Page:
The courtyard.

Lower levels and event space.

The chapel.

I'm afraid I don't have any pictures of the exhibits because some did not permit photography and others were too dark for photographs.

Last on our castle tour was the tower. The staircase of the tower consists of two red, metal staircases that are intertwined, spiralling up and down in perfect symmetry. We climbed the ascending stairs to the top and were confronted with a view that easily outshone the one we had seen below the battlements...

We left the castle around lunch time and headed back into the city; there was one place left on our list of must-sees and one that Victoria had been waiting months to visit. Prior to this trip she had read a blog called '24 Hours In Ljubljana' and seen a beautiful rooftop bar on the top floor of one of Ljubljana's tallest buildings, Nebotičnik, which is Slovenian for 'skyscraper'. At the time of it's construction in 1933, it was the 9th tallest building in Europe and has since been home to residential flats, shops and business offices. It is popular amongst locals and tourists for its romantic roof terrace and stunning views. We stopped there for a drink and lunch, even though it was a little pricey, I'd pay for that view any day!

After lunch the afternoon was gorgeous and clear so we walked ten minutes from Nebotičnik to Tivoli Park, Ljubljana's biggest park stretching nearly 5 square km and apparently a beautiful spot to spend an afternoon. We took our books and enjoyed an hour sat on the grass soaking up the sun.

We began to feel like we were cooking so headed back into town for ice cream and a final wander around what was firmly our new favourite European city.

The National Gallery of Slovenia.

The Slovenian National Opera and Ballet Theatre.

For our final evening in Ljubljana we went out to diner at another restaurant along the river bank which served traditional Slovenian dishes. We fell slave to our stomachs and were tempted by the risotto with prosciutto, asparagus, tomatoes and mozzarella, it was divine. We finished the evening by going for drinks in one of the bars below the street level, right on the banks of the river where we enjoyed cocktails and nutella and caramel pancakes for dessert!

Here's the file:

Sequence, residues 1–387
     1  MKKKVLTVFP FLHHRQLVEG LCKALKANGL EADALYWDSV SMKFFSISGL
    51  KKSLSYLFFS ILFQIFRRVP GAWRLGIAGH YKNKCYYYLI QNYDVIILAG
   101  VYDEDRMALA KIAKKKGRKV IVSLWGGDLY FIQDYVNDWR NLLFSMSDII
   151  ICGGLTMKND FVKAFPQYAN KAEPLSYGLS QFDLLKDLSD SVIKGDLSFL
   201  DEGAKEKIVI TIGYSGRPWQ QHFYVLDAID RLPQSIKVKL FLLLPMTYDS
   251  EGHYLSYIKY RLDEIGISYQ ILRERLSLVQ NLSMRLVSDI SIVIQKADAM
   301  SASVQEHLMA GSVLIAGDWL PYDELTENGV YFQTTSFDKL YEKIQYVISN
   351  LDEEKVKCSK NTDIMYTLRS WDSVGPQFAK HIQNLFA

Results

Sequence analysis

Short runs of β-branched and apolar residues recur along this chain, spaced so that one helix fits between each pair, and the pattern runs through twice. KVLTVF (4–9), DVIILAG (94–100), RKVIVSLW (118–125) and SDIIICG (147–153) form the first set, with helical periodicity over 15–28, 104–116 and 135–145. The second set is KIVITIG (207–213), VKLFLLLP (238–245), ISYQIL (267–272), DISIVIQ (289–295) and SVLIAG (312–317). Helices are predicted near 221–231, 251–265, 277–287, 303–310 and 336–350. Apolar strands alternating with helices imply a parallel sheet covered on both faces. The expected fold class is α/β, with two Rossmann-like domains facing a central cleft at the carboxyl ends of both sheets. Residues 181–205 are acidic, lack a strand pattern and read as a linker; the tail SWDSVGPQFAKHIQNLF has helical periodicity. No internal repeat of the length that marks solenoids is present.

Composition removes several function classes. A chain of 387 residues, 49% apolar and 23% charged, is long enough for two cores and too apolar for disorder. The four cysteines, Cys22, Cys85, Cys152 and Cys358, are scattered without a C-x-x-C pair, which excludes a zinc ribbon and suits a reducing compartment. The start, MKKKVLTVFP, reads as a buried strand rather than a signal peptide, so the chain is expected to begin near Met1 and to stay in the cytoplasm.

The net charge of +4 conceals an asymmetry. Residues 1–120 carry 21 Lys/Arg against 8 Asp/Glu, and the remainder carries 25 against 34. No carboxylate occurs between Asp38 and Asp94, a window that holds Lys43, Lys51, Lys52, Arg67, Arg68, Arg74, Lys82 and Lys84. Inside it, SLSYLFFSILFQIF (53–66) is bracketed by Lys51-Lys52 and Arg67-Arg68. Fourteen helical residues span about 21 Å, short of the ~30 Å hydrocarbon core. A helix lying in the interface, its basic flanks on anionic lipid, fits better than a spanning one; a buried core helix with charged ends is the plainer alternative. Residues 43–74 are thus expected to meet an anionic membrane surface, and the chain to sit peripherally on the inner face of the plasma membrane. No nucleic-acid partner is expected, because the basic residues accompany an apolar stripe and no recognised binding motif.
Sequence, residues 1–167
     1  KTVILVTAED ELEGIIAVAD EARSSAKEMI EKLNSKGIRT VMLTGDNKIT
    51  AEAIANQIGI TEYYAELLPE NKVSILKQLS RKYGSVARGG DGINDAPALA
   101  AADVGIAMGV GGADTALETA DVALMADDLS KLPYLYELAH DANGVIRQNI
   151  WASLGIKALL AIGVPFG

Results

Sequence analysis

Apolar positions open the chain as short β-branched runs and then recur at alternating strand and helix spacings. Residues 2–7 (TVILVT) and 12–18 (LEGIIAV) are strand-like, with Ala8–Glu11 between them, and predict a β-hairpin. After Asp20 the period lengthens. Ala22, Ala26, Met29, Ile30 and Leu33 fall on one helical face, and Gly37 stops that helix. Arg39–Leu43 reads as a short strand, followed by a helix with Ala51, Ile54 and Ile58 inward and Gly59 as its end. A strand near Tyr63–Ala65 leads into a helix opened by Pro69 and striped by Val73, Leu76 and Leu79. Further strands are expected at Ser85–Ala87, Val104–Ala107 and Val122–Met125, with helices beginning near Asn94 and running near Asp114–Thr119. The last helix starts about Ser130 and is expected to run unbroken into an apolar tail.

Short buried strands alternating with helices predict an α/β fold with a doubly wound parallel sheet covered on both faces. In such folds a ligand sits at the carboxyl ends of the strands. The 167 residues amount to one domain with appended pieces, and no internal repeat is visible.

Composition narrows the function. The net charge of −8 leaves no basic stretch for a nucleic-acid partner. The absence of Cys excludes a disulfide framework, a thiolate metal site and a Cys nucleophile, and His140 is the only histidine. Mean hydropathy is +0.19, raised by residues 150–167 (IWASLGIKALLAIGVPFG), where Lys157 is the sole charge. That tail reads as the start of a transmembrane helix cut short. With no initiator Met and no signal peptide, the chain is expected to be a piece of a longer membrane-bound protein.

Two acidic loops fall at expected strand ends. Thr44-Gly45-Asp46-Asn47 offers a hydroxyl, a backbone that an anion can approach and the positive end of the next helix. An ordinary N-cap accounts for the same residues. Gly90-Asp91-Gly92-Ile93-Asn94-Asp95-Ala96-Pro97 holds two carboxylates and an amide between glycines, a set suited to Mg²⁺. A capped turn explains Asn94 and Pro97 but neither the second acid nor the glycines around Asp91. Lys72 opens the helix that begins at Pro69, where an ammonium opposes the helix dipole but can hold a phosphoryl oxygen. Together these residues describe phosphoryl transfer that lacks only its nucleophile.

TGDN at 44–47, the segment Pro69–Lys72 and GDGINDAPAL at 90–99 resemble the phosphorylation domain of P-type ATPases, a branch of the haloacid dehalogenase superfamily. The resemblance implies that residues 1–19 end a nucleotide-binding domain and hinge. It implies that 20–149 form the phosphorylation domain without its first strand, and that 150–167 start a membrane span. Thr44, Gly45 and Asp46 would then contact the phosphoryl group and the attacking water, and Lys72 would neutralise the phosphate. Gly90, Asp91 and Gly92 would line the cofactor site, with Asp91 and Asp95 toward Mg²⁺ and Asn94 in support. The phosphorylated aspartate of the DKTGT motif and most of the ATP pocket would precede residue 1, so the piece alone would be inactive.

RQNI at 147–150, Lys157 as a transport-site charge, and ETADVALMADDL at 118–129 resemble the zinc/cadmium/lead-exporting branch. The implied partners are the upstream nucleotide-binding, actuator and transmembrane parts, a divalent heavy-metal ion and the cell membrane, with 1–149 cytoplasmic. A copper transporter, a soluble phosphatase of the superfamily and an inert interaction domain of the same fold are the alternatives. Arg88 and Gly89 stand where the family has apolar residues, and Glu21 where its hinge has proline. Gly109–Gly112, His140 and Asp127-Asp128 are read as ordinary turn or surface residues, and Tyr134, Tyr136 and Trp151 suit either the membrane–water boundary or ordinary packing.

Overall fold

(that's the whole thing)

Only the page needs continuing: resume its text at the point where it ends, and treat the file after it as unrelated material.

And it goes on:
I did not anticipate this post was going to be so long, I am so sorry! As is blatantly obvious, Victoria and I adored Ljubljana, it truly is an incredible city and I've struggled to shut up when telling people about it since. I think the reason I loved it so much was how much fun we had there; it gave me the same sort of feeling I get when I think back to university and how alive and free I felt in Newcastle. They are quite similar in some senses; both huge university towns that cater very much for young people with great bars all through the city, there are some of my favourite restaurants in the world in Newcastle and the food was insanely good in Ljubljana as well, they are also quite green cities with large parks in the centre of the city and they both have such friendly people with a really strong identity. I think every evening in Ljubljana when Victoria and I went out for dinner and drinks, we felt that we had such an electric mood which seemed to make every moment glow. I wish I could find the words to articulate it, but in Ljubljana we felt freedom, and that feeling is rarer than it ought to be.

Again I'm sorry this was such a long post but I hope you enjoyed reading it, I couldn't recommend Slovenia enough to anyone; it is a stunning, fairytale-like country where the people are kind, considerate and fun. For a capitol city, Ljubljana didn't feel expensive but it has so much to offer, I want to go back tomorrow. Our next destination was Lake Bled, an hour and a half's drive north from Ljubljana, pictures and stories coming soon!

I hope you're all enjoying the summer so far and make the most of what's left of it. If you're travelling, just soak everything in, you never know what may inspire you or change your mood for the next three months.

Thanks for reading, see you all next time.